'In Boston I never saw my wife or son due to daily six-hour commute - so we bought a farm in Ireland'
With a rise in people leaving the US to come to rural Ireland, Christian Connors explains why he and his family decided to uproot their life and move to a farm in Sligo
I've been a contracts negotiator for the past 25 years. For the last six years I was a contracts manager for the company's transportation department.
Life was hectic. From Monday to Friday I commuted three hours each way into Boston. The sacrifice was not seeing my wife Jodi and my son Tristan (11) much during the week. We lived in a conservation area in New Hampshire - 90km north of Boston - which was good for Tristan. But I felt I was missing out with my boy.
Jodi and I met in Boston, we got married in 2005 and then Tristan came along. For years we've been looking for something different. We looked at France - we'd actually found a place in France - but as we looked further into it, there was a pull towards Ireland.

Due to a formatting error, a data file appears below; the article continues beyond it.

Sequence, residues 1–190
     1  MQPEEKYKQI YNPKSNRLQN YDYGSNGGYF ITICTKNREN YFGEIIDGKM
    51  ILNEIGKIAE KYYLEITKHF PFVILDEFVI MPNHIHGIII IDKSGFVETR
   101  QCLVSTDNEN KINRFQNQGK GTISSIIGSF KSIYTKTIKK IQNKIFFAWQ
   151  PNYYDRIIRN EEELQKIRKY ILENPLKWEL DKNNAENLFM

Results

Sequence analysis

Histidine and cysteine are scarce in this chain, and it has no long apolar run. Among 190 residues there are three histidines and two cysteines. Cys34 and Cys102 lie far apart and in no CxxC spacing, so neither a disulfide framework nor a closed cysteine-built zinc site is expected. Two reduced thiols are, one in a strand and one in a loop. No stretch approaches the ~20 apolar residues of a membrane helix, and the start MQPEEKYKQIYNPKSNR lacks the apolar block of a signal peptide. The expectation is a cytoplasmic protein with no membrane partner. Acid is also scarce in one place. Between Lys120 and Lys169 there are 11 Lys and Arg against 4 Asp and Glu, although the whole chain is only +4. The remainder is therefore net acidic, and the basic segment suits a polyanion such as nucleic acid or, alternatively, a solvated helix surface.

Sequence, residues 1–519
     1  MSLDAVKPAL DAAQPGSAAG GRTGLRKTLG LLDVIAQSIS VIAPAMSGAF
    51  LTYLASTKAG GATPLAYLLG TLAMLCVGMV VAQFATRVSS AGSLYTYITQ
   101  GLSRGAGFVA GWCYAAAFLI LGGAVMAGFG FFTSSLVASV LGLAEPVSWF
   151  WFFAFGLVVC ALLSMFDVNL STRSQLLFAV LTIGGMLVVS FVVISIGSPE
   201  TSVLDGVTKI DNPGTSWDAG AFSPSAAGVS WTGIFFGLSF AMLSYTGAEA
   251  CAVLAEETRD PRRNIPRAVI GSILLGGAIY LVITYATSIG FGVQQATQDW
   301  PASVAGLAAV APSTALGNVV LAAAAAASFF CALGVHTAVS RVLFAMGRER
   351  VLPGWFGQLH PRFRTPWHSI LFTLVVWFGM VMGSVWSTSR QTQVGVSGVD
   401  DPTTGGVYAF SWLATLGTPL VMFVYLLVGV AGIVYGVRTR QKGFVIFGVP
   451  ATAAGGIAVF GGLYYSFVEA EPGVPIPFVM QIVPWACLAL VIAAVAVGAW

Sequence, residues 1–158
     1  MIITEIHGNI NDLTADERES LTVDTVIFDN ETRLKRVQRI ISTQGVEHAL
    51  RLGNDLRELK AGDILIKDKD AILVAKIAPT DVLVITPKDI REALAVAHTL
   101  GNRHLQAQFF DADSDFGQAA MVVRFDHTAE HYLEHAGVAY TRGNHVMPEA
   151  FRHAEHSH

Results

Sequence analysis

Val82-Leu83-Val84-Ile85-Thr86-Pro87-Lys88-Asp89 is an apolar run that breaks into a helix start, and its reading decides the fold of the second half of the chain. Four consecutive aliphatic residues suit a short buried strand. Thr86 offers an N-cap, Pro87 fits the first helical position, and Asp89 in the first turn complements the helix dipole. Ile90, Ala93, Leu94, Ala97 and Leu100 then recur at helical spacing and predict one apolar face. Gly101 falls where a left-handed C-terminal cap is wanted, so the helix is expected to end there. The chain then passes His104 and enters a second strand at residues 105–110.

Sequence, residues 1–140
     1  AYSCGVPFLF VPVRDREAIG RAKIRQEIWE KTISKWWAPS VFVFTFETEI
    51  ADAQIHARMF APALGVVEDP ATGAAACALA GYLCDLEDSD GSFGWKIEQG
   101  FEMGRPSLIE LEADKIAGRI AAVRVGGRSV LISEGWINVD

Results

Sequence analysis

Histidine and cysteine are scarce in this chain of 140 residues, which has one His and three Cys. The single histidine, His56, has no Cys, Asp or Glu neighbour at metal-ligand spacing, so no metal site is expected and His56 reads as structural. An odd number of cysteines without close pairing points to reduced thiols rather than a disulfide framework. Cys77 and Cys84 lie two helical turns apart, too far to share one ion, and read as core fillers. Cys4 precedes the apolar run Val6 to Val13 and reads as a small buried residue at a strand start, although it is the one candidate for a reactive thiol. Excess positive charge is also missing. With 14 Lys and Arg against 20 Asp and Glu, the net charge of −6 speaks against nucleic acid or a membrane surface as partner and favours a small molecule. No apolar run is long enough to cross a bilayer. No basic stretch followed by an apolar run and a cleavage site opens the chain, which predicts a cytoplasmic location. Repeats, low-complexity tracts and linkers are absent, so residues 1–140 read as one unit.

Throughout our lives and in all the countries we'd travelled to, we had never travelled to Ireland. Then this place - Ballaghboy Lodge Farm at Ballinafad in Co Sligo - popped up. The selling agent, Joe Brady of REA Estate Agents in Carrick-on-Shannon, said he is seeing more and more people from the US who want to move to rural Ireland (according to a nationwide survey by the Real Estate Alliance, 22pc of overseas enquiries about Irish property in 2017 came from the US).
Our reasons for wanting to purchase the farm were similar to the original owners Karen and Eddie Litton's rationale when they sought it out and created it in 2004.
The view from the property was enchanting and it has such a rich heritage. It's been a 15-year journey getting here. We just clicked with this place.
Jodi had a feeling that it was meant to be and now we live here even though we'd never been before we came to look at the house, which has become our home.
Over the years Jodi and I enjoyed travelling and experiencing other cultures. We loved the culture of people coming together over a meal and having conversations about likes and dislikes. You don't really get that in the US, where people would linger over a meal.